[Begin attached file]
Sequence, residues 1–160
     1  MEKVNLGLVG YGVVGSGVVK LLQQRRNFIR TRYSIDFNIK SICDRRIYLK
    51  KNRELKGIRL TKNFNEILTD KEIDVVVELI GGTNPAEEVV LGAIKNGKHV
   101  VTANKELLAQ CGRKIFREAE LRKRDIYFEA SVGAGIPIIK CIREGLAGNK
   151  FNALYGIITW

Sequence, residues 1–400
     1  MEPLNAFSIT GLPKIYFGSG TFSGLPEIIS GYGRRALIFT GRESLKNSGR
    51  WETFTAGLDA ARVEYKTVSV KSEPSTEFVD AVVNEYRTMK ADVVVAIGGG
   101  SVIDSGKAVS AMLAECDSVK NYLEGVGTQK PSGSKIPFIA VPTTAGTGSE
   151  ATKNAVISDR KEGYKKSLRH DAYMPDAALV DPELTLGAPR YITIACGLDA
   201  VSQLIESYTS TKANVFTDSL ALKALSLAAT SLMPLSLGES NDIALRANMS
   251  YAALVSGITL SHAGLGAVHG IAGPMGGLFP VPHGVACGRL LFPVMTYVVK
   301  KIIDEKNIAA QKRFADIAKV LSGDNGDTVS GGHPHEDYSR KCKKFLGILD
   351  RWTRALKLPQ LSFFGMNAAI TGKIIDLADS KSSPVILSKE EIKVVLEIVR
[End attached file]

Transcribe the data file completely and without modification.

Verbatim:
Sequence, residues 1–160
     1  MEKVNLGLVG YGVVGSGVVK LLQQRRNFIR TRYSIDFNIK SICDRRIYLK
    51  KNRELKGIRL TKNFNEILTD KEIDVVVELI GGTNPAEEVV LGAIKNGKHV
   101  VTANKELLAQ CGRKIFREAE LRKRDIYFEA SVGAGIPIIK CIREGLAGNK
   151  FNALYGIITW

Sequence, residues 1–400
     1  MEPLNAFSIT GLPKIYFGSG TFSGLPEIIS GYGRRALIFT GRESLKNSGR
    51  WETFTAGLDA ARVEYKTVSV KSEPSTEFVD AVVNEYRTMK ADVVVAIGGG
   101  SVIDSGKAVS AMLAECDSVK NYLEGVGTQK PSGSKIPFIA VPTTAGTGSE
   151  ATKNAVISDR KEGYKKSLRH DAYMPDAALV DPELTLGAPR YITIACGLDA
   201  VSQLIESYTS TKANVFTDSL ALKALSLAAT SLMPLSLGES NDIALRANMS
   251  YAALVSGITL SHAGLGAVHG IAGPMGGLFP VPHGVACGRL LFPVMTYVVK
   301  KIIDEKNIAA QKRFADIAKV LSGDNGDTVS GGHPHEDYSR KCKKFLGILD
   351  RWTRALKLPQ LSFFGMNAAI TGKIIDLADS KSSPVILSKE EIKVVLEIVR